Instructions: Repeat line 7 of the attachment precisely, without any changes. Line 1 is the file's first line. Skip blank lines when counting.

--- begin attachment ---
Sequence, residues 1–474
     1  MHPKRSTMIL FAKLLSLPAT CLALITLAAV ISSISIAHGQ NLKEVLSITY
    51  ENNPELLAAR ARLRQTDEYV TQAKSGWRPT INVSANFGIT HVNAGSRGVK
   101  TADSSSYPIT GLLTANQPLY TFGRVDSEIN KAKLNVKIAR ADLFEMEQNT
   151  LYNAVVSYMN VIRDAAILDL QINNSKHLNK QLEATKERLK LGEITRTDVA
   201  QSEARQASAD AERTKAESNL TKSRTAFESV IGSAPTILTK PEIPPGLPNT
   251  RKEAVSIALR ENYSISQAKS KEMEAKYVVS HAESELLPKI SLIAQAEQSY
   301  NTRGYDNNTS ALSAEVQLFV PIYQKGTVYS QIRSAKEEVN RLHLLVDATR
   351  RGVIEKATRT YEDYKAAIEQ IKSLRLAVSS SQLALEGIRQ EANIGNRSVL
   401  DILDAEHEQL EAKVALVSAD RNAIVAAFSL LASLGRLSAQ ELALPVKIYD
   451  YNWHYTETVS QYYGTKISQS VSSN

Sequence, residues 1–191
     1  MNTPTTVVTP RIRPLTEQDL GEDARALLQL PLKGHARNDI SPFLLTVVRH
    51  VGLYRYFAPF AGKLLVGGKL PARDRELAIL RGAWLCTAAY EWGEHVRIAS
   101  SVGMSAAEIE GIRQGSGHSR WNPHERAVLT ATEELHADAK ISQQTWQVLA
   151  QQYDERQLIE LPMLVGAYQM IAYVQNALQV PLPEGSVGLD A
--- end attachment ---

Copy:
   251  RKEAVSIALR ENYSISQAKS KEMEAKYVVS HAESELLPKI SLIAQAEQSY